It's not a matter of size. –  Pascal Thivent Jun 16 '10 at 23:37
@Jorg - Inversion of Control is a design pattern. What does that have to do with a framework? –  Jordan Parmer Jun 17 '10 at 13:27
@Pascal - I know and I qualified in my answer that it is more of an "implication" than a fact. Frameworks can indeed be small. As a developer, my brain thinks of the word "framework" as being more of a suite than a "library" that might provide a very focused set of methods. Just implied connotation is all I mean. –  Jordan Parmer Jun 17 '10 at 13:30
Inversion of Control is the defining difference, and in fact pretty much the only difference between a library and a framework. Both a library and a framework are a collection of functionality. The only difference is who is in control. With a library, your code is in control and calls the library. With a framework, the control is inverted: the framework is in control and it calls your code. Not mentioning Inversion of Control when explaining the difference between a framework and library is like not mentioning breathing when explaining the difference between a whale and a fish. –  Jörg W Mittag Jun 17 '10 at 13:43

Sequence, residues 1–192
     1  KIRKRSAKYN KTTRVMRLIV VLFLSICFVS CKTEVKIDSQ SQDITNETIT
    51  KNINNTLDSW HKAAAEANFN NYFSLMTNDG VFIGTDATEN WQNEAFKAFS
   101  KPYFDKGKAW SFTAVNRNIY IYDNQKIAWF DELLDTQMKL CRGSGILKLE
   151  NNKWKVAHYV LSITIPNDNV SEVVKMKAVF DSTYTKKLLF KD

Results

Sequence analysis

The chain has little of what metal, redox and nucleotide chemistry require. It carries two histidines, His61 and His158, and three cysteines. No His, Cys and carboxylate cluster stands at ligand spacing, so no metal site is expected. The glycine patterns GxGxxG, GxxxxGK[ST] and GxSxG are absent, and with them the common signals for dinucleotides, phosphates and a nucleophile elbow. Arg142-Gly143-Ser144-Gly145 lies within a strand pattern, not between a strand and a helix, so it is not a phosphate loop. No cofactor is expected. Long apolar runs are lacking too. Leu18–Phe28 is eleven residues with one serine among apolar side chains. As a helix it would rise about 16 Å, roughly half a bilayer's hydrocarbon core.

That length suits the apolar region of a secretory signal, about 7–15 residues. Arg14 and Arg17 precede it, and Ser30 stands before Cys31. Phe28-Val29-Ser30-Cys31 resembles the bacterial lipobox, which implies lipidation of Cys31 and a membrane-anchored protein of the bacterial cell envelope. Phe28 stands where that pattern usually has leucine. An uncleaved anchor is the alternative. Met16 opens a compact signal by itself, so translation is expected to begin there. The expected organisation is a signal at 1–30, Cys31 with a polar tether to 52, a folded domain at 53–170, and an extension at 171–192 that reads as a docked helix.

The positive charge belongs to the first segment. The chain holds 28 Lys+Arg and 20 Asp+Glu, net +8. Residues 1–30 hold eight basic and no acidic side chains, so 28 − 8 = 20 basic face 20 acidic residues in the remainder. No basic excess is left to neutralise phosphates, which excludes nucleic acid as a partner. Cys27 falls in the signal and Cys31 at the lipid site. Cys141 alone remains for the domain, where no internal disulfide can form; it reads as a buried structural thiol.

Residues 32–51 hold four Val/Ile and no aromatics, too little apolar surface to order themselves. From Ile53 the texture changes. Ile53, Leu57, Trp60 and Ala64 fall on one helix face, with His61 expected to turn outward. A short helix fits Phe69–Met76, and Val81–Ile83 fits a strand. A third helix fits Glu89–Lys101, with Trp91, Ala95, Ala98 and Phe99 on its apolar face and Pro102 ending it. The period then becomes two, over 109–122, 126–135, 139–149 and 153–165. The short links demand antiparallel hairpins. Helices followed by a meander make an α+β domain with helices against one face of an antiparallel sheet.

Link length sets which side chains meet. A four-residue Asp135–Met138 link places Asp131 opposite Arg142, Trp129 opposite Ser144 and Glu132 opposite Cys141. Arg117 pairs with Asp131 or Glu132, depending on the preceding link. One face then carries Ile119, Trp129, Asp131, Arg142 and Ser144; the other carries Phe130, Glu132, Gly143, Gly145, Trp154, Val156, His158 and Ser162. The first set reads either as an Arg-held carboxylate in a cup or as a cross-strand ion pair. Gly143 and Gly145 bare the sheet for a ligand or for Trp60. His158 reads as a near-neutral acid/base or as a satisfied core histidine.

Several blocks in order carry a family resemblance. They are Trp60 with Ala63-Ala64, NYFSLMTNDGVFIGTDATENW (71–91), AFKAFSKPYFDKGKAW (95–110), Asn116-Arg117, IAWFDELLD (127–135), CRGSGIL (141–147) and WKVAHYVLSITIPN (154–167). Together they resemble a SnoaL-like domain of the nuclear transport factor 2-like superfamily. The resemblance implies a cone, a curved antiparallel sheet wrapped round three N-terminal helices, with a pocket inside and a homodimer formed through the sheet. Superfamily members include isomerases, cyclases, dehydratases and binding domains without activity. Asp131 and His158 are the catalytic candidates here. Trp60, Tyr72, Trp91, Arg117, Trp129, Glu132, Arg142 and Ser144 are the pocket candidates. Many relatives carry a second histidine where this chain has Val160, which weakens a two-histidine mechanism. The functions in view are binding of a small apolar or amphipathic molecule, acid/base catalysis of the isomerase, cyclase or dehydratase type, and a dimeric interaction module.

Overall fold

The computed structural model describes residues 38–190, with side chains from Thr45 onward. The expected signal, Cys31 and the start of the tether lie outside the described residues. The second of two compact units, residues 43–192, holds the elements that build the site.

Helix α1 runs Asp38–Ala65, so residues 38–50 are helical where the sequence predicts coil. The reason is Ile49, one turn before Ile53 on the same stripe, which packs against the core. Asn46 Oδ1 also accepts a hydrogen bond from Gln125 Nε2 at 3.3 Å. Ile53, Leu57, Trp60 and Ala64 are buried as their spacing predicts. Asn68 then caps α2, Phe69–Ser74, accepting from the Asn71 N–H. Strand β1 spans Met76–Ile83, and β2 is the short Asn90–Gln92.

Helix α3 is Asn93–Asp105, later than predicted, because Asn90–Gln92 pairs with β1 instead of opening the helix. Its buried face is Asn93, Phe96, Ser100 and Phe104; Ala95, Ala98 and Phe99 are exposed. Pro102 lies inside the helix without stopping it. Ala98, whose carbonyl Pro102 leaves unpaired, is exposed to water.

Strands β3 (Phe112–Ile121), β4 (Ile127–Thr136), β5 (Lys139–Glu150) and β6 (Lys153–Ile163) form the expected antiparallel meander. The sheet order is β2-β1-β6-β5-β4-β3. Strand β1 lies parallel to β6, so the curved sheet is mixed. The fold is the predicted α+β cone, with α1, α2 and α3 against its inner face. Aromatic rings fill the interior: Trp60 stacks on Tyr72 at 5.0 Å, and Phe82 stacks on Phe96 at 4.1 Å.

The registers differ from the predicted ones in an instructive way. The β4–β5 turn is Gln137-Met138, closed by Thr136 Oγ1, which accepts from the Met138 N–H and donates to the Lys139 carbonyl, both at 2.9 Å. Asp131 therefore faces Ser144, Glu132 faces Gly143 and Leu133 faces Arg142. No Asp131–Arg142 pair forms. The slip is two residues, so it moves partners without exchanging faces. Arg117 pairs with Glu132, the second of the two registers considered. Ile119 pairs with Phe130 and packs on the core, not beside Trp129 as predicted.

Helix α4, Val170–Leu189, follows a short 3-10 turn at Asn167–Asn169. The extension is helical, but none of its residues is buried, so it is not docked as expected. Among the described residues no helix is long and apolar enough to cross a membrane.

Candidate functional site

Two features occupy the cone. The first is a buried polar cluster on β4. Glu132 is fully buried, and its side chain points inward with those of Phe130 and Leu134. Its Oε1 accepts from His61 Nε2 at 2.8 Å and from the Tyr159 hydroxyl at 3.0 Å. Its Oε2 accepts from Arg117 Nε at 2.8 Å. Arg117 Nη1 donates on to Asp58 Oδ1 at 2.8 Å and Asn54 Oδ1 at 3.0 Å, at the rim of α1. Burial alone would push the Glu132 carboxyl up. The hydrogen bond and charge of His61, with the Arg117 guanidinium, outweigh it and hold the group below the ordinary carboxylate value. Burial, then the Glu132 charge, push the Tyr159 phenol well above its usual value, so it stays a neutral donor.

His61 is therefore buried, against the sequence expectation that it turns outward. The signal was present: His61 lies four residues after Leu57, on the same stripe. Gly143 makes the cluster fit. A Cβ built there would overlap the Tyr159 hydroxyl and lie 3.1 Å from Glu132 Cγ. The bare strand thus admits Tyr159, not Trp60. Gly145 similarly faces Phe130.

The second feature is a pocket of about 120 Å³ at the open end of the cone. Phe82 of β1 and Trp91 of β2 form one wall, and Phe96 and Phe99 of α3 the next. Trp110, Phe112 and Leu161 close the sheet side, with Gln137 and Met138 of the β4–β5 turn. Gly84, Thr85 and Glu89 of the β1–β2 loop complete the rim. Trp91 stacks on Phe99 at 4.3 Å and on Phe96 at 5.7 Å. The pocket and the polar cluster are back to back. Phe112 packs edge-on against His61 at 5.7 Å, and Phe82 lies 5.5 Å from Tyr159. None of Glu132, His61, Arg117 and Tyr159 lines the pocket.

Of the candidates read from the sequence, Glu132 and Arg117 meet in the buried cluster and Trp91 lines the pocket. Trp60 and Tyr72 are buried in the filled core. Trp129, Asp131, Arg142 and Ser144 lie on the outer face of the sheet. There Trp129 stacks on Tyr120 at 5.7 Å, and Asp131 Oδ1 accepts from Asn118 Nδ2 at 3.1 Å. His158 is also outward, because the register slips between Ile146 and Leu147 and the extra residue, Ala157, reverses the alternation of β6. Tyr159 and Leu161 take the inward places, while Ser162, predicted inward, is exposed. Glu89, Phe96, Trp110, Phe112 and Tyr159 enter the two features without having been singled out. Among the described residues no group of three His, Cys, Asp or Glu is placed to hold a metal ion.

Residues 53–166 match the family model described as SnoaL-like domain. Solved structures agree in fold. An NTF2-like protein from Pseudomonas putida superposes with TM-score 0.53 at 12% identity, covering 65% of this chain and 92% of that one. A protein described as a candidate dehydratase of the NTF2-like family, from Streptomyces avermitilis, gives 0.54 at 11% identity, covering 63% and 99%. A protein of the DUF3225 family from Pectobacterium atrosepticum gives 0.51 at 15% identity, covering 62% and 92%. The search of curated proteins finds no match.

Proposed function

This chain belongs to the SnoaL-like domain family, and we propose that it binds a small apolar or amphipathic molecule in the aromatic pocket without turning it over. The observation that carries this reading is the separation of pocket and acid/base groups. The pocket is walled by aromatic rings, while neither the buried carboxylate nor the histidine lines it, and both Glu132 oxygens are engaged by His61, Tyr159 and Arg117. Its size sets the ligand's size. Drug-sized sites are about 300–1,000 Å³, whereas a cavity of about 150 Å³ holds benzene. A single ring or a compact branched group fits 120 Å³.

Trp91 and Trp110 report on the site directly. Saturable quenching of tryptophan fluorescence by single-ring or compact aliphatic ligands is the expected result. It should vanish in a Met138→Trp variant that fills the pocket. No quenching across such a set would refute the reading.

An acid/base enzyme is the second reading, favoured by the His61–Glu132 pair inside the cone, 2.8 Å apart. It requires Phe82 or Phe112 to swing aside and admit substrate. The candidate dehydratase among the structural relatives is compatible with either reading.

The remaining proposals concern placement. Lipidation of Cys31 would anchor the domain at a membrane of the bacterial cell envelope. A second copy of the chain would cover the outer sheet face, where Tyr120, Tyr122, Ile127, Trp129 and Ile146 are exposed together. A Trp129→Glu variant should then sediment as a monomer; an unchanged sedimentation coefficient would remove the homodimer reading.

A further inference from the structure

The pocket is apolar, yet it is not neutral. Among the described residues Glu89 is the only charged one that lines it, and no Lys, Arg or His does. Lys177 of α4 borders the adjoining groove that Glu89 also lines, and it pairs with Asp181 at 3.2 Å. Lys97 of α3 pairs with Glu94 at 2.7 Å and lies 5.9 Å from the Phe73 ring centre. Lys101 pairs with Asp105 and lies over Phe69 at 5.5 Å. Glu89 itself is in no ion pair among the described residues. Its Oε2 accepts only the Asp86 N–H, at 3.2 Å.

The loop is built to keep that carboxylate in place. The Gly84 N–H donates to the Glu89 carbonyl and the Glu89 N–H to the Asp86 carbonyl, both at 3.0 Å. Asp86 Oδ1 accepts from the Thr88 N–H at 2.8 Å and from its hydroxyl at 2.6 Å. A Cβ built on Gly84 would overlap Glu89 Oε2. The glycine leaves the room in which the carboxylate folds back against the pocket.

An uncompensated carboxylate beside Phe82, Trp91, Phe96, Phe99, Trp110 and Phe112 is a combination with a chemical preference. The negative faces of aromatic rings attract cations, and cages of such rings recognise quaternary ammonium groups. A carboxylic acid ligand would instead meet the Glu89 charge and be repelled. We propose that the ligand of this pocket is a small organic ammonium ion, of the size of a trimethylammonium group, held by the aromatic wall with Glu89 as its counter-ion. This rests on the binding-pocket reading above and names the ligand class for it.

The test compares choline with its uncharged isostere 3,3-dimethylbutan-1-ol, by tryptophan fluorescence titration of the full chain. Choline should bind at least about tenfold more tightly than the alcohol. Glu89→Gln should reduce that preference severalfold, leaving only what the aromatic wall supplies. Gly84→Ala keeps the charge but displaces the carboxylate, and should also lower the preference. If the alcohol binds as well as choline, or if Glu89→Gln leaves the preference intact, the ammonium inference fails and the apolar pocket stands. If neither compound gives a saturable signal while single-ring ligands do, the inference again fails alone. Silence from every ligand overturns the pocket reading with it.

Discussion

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very, very similar, a framework is usually a bit more developed and complete then a library, and a toolkit can simply be a collection of similar librarys and frameworks.

a really good question that is maybe even the slightest bit subjective in nature, but I believe that is about the best answer I could give.